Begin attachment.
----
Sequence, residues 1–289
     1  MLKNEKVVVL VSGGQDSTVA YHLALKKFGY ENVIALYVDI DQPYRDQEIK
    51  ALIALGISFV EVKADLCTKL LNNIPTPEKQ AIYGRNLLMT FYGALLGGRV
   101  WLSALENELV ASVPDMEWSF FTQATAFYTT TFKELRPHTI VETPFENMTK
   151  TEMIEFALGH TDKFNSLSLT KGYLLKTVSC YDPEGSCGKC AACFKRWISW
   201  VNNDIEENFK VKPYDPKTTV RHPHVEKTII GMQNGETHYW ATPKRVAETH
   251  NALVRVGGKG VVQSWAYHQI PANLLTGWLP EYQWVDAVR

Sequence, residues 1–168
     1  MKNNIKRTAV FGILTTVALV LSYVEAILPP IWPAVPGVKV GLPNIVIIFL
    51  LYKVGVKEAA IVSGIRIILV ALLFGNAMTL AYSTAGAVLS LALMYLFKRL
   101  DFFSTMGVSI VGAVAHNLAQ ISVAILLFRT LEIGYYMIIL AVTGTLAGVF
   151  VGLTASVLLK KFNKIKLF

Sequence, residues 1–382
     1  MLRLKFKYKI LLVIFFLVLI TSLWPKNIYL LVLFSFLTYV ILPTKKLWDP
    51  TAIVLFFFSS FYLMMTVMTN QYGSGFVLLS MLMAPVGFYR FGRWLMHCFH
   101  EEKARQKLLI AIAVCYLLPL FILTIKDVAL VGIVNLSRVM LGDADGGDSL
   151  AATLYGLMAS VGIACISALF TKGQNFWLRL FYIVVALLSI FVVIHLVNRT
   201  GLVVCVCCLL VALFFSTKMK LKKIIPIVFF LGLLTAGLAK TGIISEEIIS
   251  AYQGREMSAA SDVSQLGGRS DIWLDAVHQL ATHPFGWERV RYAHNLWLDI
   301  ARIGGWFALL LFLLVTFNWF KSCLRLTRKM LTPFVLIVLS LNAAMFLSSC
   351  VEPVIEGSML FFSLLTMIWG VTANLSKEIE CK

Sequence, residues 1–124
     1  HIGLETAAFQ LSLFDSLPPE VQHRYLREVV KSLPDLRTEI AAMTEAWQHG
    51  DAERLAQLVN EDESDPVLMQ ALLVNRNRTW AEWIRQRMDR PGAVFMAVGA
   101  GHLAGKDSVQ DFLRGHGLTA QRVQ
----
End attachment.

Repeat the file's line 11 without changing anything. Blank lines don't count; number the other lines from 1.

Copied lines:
   101  DFFSTMGVSI VGAVAHNLAQ ISVAILLFRT LEIGYYMIIL AVTGTLAGVF